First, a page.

The Macon County Master Gardeners began planning the Rain Barrel Workshop in the summer of 2007. The first hour-long workshop was offered to Master Gardeners with the aim of perfecting a moderately priced and accessible project for individuals of all skill levels. The Master Gardeners began offering the workshop to the public and over 300 rain barrels have been constructed to date. Public interest has increased and there is currently a waiting list for classes! As word spread the Master Gardeners seized the opportunity to take their idea “on the road” and began teaching other Master Gardeners from nine separate counties not only how to construct the rain barrels, but how to host their own workshops. The Master Gardeners are expanding their program and co-taught a rain barrel presentation via teleconference throughout the state of Illinois in April 2011.
Juvenile Detention Center Community Garden- Champaign County, Illinois
Champaign County Master Gardeners who volunteer at Champaign County Juvenile Detention Center, won 2nd place in the International Master Gardener Convention, Search for Excellence Award, October 14, 2011 in Charleston, West Virginia. Master Gardeners have dedicated the last eight years developing an exceptional horticulture program at Juvenile Detention Center. The garden provides different forms of engagement for youth, including designing, planting, and maintain gardens; harvesting, preparing, and sharing food; working cooperatively in groups; learning about science and nutrition; and incorporating literacy.
The mission of Champaign County Master Gardeners is to “Help Others Learn to Grow.” Every Thursday afternoon, you will see this motto in practice at the Juvenile Detention Center in Urbana. The community garden at Champaign JDC is the site of a year round educational program focused on at-risk youth ages 12-17. Working inside during the winter on interactive lessons the Master Gardeners prepare their students for spring and summer when they work outdoors maintaining the gardens on a weekly basis.
Working around the inherent restrictions of a secured facility, the Master gardeners have used their creativity to create relevant and exciting lessons. Some the most popular lessons are the salsa-making lesson where students experiment with produce grown in their garden and an indoor lesson that exposes students to familiar and unfamiliar produce (pumpkins, watermelons, squash etc.) while collaborating with a music professor who brings international instruments made from gourds. Master Gardeners and teen-agers have also created a habitat for Monarch butterflies. The garden is now a certified Monarch Waystation. The garden was also a feature of the 2011 Master Gardeners Garden Walk.
The Emerald Ash Borer/Ash Tree Inventory project by the Boone County Illinois Master Gardeners was awarded first place in the Innovative Projects Category at the International Master Gardener conference. Barbara Wych, chairperson for this project tells us about this award winning effort:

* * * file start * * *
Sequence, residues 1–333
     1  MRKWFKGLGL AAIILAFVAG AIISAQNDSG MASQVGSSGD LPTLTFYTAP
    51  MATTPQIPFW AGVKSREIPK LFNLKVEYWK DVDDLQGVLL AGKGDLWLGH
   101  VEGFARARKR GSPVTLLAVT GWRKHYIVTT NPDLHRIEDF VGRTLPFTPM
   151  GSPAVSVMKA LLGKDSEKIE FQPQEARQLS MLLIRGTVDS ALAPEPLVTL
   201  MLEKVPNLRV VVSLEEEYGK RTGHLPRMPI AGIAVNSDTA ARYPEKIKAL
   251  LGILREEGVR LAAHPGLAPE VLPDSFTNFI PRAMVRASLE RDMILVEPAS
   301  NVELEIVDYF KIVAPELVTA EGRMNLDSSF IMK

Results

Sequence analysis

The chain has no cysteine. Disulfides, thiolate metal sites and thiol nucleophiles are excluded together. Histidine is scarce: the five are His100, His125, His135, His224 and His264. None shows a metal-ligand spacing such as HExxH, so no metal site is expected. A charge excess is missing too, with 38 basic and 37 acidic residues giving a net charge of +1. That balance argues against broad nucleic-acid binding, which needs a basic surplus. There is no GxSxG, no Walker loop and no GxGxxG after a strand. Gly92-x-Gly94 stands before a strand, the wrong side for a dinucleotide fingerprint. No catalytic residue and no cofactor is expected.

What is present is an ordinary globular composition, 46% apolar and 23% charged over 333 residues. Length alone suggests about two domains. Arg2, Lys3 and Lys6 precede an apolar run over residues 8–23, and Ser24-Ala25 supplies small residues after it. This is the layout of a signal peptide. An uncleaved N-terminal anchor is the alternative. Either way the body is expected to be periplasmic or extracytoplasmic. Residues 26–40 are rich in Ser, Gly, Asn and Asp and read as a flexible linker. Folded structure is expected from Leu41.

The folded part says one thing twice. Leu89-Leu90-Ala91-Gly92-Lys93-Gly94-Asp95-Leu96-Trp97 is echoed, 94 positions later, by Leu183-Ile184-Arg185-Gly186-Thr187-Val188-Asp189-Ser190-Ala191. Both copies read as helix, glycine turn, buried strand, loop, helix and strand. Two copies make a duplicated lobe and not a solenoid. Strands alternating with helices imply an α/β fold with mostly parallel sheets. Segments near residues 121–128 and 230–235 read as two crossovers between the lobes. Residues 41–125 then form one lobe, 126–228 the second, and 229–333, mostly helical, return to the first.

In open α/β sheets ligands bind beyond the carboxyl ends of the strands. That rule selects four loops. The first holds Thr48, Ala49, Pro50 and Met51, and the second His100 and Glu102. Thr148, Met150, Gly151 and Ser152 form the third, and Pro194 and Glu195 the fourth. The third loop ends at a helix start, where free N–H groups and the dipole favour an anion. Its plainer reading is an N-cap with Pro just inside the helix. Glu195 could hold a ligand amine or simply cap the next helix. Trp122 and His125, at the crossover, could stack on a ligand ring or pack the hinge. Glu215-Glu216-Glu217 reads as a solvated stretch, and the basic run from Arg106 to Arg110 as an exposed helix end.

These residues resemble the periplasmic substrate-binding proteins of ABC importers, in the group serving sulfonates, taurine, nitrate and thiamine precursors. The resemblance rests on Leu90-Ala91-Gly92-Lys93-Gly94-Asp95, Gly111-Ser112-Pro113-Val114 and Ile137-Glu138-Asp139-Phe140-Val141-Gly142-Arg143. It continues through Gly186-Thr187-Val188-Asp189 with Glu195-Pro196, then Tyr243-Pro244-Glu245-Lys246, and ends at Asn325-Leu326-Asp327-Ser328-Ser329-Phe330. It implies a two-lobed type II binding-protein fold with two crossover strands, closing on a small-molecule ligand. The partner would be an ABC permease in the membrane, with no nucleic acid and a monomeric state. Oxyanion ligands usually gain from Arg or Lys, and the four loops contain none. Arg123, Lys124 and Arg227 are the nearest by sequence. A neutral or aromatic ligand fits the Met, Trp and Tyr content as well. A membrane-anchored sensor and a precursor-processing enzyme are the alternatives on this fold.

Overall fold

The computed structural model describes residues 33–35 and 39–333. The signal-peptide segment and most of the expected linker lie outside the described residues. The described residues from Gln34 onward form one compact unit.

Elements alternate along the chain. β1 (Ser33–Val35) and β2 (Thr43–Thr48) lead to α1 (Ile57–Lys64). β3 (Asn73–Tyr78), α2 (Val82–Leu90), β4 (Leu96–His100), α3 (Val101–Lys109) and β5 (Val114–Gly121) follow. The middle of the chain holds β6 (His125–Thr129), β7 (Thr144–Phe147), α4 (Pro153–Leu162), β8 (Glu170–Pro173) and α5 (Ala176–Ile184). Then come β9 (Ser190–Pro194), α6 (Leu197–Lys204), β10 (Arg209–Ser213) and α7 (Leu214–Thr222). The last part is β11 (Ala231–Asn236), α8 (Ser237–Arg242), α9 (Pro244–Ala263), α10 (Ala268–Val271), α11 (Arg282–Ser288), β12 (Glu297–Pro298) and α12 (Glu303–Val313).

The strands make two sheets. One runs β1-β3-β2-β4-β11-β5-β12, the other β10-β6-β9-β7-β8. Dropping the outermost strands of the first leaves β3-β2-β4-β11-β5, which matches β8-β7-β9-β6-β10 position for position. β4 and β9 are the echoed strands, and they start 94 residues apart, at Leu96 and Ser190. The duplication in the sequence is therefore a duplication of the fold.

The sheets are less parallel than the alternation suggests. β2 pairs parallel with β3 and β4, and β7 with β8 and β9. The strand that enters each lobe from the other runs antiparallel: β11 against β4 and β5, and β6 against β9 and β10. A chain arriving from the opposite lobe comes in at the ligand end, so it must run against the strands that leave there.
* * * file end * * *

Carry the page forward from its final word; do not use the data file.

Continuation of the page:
Boone County Master Gardeners show the results of mapping ash tree locations in one township which was surveyed.
Emerald Ash Borer (EAB) First Found in Michigan
In the summer of 2002, a ½” long bright metallic beetle native to areas of Asia, was first discovered in the United States near Detroit, Michigan. This insect is the Emerald Ash Borer and as its name implies, it only uses ash trees during its life cycle. Tree damage occurs as the larvae or borer feeds on the inner bark, effectively disrupting the movement of water and nutrients and ultimately killing the tree. If the Emerald Ash Borer is not contained and eradicated the impact of this borer on ash trees in North America will be similar to that of chestnut blight and Dutch elm disease.
EAB discovered in Illinois in 2006
Four years later, in 2006, the insect was discovered in Illinois. Since Boone County is near this Illinois site, in 2009, the Boone County Master Gardeners took the opportunity to be proactive in the community. We formed a partnership with the city and county governments, Illinois Department of Ag., the parks and conservation districts, Extension educators and staff.
Ash tree inventory helps community understand EAB impacts, make informed decisions
As part of the partnership, the Boone County Master Gardeners conducted an ash tree inventory by recording the GPS coordinates, measuring tree diameters and assessing the health of all ash trees on all county, township and city right of ways. This information was entered into the county’s Geographic Information System (GIS) which plotted color coded locations of all the ash trees; green for healthy, yellow for declining and red for dead. The Emerald Ash Borer/ Ash Tree Inventory project was conducted with two goals that were successfully met; to
1) provide the county with accurate ash tree impact data for resource planning and budgeting, and
2) to educate the community on Emerald Ash Borer facts to enable them to make informed decisions.
County Ash Tree Inventory saves $10,000
In the process, the Master Gardeners inventoried nearly 3200 ash trees with almost 500 volunteer hours. The inventory process was a cost savings of over $10,000 to the county but beyond that showed the value of Master Gardeners as a significant part of the community.